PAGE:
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Posts posted by xristost

  1. One solution which come in my mind is to put a transformer with ratio 1 : 0.46 then at the secondary the voltage will vary from 55VAC to 276VAC. If your AC/DC converter can work with that low voltage - 55VAC, then no switching will be required. But if it can't, then the transformer should be made with two secondary windings and a schematic will switch the desired secondary winding.

  2. Hi,

    I have tried folowing for voltage reference
    1) opamp+5v6 zener
    2) tl431 (set to 10v reference with 2 resistors)
    3) 3k resistor + zener6v2 + zener3v3
    4) bf256 + zener6v2 + zener3v3

    The test was that I set output to 5.000v and I measured voltage with and without load (load was about 2.5A)
    1), 2) and 4) where OK, i didn't noticed any change (my instrument has 3 decimal places)
    3) like I said it have voltage drop of about 20mV, but that depends on positive rail (probably with stronger transformer there would be much less drop)

    Than I have done temperature stability.
    I have heated board from 20 deg. Celsius to about 60-70 deg. Celsius (I used electric fan heater)
    4) was most stable, +-10mV change below 50 deg., and +20mV from 50-70 deg. (first was -5mV, than it started to rise to 5mV, and after 50 deg. it strated to rise  to +25mV)
    2)  20-30mV change (I think it was +30mV)
    1) 40mV
    3) I haven't tried because of load voltage drop problem.

    Hi, in my variant I use resistor+ 2 zeners, because voltage is already regulated with LM317, so there will be no voltage drop (if supply voltage is high enough).
    It's interesting to compare yet another solution for voltage reference - LM317L with resistors 270/1.8k. This will produce 9.58V. According to datasheet line regulation is 0.02%/V. If input voltage change with 1V, output will change with only 0.2mV.
    Temperature stability is 0.65% which is 8mV in entire temperature range.
    I think it's worth to try.

  3. Another solution of this problem is to wire a couple of power diodes in series after the rectifier and smoothing capacitors. Each diode will reduce voltage with ≈0.7VDC.

    I started asking about hooking up the TO-3's over at EEVBlog because it's a much more active site and I was looking for an immediate answer to my question.  I am getting a bit of negative feedback regarding the fact that someone thinks that this design isn't sustainable due to the fact that with a 28V transformer after rectification and smoothing that the voltage into the opamps is going to be around 50V.  Has anyone that's built the 3 amp version run into issues with this?  If so, what sort of solution did you use to fix the issue to get the voltage to less than 44V so as to not overload the max limits on the TLE2141's?.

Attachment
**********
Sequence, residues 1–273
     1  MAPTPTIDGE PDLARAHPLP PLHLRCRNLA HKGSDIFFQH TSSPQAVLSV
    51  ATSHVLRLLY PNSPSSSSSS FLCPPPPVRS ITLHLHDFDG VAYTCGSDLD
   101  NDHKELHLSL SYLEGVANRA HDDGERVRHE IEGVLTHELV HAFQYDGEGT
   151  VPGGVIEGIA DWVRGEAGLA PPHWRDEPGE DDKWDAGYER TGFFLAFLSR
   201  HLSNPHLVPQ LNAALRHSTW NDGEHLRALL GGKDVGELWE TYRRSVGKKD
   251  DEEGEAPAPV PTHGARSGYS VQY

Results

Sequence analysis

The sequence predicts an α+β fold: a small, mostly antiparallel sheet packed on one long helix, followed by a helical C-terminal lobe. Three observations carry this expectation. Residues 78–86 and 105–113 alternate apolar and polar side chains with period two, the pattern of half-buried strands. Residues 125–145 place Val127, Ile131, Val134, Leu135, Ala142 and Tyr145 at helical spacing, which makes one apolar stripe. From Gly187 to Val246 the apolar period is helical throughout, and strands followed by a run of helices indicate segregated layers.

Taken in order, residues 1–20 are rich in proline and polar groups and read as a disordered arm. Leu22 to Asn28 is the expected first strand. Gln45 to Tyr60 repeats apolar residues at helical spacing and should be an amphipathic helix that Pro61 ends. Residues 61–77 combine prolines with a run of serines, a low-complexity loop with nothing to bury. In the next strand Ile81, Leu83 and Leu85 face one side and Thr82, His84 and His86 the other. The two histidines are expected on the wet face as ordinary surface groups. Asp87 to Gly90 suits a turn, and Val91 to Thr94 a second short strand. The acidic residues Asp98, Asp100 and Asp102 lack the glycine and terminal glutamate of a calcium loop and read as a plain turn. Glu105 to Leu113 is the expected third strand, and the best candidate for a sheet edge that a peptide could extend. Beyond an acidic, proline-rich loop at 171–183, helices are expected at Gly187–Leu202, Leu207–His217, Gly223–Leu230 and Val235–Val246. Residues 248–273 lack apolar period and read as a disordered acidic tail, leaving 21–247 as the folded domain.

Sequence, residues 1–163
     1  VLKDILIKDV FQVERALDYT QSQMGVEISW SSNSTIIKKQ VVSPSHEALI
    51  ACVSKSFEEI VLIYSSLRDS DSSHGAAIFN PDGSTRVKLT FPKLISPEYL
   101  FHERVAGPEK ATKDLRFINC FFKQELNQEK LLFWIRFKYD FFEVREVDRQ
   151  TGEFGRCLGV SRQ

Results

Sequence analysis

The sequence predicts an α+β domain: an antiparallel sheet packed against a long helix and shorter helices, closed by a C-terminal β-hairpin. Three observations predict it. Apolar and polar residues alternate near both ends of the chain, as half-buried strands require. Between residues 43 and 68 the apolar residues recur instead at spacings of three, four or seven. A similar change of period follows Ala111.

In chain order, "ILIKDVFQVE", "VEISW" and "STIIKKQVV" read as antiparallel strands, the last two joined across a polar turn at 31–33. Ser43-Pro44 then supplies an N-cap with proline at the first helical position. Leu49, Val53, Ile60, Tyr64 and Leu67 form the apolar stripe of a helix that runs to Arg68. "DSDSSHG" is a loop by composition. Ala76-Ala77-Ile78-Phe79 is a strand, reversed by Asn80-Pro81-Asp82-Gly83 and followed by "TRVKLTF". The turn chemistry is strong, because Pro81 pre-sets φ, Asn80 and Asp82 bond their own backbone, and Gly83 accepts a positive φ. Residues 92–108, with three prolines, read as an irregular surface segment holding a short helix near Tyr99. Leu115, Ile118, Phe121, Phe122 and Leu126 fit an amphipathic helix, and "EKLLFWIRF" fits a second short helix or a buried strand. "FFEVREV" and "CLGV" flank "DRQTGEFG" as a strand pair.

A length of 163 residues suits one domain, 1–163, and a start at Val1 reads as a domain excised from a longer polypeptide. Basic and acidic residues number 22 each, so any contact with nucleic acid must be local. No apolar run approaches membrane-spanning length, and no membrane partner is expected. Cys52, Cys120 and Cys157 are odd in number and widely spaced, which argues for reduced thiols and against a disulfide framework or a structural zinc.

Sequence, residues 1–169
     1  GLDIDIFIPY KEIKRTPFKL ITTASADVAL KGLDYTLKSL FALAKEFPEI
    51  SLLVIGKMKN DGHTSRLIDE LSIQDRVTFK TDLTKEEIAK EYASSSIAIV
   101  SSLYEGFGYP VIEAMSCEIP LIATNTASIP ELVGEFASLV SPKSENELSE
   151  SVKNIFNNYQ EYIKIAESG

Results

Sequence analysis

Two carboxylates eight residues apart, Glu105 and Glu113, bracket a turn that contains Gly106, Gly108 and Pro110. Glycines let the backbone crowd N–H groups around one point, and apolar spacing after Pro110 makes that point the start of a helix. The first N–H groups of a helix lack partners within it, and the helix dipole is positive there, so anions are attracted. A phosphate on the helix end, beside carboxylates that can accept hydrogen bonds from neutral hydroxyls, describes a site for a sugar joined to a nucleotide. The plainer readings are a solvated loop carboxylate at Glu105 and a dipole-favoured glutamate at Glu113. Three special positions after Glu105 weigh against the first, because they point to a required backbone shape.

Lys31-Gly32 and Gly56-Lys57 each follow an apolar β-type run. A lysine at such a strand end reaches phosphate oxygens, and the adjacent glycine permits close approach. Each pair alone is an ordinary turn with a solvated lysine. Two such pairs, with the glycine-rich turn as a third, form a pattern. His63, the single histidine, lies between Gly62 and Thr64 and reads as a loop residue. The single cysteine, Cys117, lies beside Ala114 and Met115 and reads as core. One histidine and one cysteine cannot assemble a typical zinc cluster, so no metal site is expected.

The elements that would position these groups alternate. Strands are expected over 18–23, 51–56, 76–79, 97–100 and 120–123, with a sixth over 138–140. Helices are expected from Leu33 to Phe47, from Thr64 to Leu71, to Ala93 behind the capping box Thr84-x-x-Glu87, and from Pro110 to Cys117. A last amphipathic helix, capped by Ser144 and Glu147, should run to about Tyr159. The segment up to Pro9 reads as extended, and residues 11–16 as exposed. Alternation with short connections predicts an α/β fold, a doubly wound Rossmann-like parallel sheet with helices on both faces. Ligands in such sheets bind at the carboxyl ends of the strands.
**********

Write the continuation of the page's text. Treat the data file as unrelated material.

Edit:  Nevermind.  I hooked up the filter cap and measured 45.1 VDC.  It's a little over the 44V max of the op amps which worries me a bit.  So I guess a new question would be, is there a recommended way to drop that to the 44V?  Voltage divider to ground?

  4. Those with LM317 don't have current regulator..and they dont go from 0V..At least not those what I found. Do you have any maybe with current regulation? I would be very thankful to you!

    If you dont, I'll try to manage somehow in this bunch of schemes here :D (saw your post, couple pages earlier)...

    Sorry for offtopic!

    It's there, in the datasheet: http://www.ti.com/lit/ds/symlink/lm117.pdf (page 21). But it is from 1.2V to 30V
    In the datasheet have also schematic which goes from 0V (page 20) but without constant current mode. Maybe its possible the first schematic to be modified to go from 0V.

  5. Your circuit has problems:
    1) Its supply to IC1B is only 33V so the maximum output voltage at 3A is about 25V with lots of ripple, not regulated properly at 30V.
    The opamp has loss, R14 has loss, the driver transistor has loss and the output transistor has loss. The losses add to almost 10V.

    2) If the output is set to a low voltage and is set to 3A then the output transistor will burn up.
    It will try to dissipate 40V x 3A= 120W!! That is why the modified circuit here uses TWO output transistors to share the heat.

    3) The current regulation will not work and many parts will burn up or catch on fire when the output is shorted because IC1A is missing a negative supply voltage and D7 cannot reduce the output voltage to 0V.

    It's obvious that you just repeat yourself endlessly. . .

    3) I already said that two opamps are one dual opamp, so they have common supply, so IC1A have negative supply voltage.
    Also read again that part marked in red ind the quote.